The term ‘glass ceiling’ was first popularized in the late 1970s and was used to describe the invisible barriers to women’s career advancement that were going unrecognized. Though it’s no longer the norm that women are told outright that they belong at the bottom of workplace hierarchies or that they are made to feel ashamed of lives as ‘career girls’ who are not entirely dedicated to the role of full-time homemaker, the inherently sexist notions of this era are ingrained in our workforces.
Women have been struggling to advance in the face of discriminatory norms and implicit biases for generations, and though society has made big moves towards equality, the odds are still stacked against women who have the ambition to lead.
How Women Are Working To Shatter It
Despite the fact that the most up-to-date global labor force statistics show women’s participation rate to be continually rising (it currently sits at 48.5 percent), they hold less than a quarter of leadership roles. But it’s not for lack of trying. Women all over the world are aspiring to take charge of their careers and make a difference not just for themselves, but for each other. In fact, women’s entrepreneurial participation is up 10%: In 2017 163 million women were starting businesses and 111 million were running established businesses across 74 economies worldwide. As of now, the glass ceiling may not be broken, but persistent impact has started to form cracks.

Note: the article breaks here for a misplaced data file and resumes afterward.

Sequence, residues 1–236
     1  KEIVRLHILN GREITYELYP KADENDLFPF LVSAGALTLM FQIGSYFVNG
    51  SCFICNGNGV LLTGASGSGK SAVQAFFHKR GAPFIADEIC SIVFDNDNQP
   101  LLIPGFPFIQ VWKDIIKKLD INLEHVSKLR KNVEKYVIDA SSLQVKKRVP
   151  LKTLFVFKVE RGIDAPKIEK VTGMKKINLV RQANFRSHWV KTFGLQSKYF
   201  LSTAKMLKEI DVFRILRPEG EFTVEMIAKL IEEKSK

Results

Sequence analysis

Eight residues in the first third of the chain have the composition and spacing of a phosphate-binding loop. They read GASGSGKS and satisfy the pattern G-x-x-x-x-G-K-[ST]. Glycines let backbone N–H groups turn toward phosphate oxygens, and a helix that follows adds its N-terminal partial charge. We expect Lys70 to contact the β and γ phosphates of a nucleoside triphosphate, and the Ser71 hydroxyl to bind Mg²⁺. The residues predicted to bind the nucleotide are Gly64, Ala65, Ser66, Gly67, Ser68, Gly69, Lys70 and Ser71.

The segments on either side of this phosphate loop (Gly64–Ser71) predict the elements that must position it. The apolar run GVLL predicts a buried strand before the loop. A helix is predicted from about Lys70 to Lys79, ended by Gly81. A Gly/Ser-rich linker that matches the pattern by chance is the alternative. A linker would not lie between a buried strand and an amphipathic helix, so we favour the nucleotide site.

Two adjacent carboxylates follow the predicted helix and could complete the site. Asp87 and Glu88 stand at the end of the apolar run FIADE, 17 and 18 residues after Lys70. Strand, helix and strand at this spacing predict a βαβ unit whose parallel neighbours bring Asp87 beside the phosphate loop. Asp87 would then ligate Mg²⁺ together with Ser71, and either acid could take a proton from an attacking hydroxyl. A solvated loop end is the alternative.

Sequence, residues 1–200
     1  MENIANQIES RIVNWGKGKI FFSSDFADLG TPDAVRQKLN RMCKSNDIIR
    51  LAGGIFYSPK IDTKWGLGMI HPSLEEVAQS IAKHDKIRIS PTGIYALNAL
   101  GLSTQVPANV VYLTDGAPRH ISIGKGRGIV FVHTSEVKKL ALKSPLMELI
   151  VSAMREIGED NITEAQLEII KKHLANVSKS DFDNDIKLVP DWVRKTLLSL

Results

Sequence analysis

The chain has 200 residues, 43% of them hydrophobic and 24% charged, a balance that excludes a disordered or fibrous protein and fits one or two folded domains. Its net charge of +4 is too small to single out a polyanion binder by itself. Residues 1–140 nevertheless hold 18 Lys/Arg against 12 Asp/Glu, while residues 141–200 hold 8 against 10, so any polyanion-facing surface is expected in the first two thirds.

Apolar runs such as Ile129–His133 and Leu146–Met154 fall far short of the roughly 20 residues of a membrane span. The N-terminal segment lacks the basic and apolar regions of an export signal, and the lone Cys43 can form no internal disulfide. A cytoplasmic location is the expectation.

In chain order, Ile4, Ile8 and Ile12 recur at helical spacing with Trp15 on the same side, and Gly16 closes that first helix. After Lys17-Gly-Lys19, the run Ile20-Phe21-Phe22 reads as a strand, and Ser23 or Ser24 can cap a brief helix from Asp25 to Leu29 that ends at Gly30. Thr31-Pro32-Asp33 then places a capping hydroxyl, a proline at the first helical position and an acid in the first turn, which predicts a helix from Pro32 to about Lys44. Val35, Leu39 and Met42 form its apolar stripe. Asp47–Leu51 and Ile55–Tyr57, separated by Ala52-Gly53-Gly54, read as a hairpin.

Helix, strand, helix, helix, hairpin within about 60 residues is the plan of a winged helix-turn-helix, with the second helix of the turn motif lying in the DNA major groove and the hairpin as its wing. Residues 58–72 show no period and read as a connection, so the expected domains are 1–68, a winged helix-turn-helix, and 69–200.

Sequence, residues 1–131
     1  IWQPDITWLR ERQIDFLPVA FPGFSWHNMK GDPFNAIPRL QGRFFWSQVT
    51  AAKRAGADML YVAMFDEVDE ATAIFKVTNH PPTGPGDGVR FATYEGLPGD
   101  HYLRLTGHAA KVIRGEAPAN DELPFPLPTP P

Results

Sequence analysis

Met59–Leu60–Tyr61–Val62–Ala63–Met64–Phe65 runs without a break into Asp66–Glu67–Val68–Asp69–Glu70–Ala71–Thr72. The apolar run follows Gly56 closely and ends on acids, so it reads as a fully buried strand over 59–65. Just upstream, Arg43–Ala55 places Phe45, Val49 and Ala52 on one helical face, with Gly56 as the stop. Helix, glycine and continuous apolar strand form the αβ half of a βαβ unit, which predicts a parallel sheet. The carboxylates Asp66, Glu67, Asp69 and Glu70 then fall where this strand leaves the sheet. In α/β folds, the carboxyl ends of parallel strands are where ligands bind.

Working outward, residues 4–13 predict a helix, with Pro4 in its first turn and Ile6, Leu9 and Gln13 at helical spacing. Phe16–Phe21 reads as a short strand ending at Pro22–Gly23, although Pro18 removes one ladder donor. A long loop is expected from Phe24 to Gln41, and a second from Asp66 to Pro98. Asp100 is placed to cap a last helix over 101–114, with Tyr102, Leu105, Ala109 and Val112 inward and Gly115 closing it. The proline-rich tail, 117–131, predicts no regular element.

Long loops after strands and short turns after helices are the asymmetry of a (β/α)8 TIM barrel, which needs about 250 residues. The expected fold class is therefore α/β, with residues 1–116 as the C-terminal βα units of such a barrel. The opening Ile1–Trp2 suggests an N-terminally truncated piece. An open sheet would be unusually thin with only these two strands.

But can the growing number of women who are taking entrepreneurial action really change the status quo and put more women into leadership roles? If we take a look at what women are doing to change the way they are viewed in professional realms it gives us hopeful insight.
I posed some questions to female entrepreneur and founder of Route 504 PR, Ally La Mere to find out more about her journey from unpaid intern to business owner.
Personnelly: In just a few years you went from an unpaid PR Associate to the owner of your own film PR firm at the age of 29. What was the most difficult part about getting to where you are now professionally?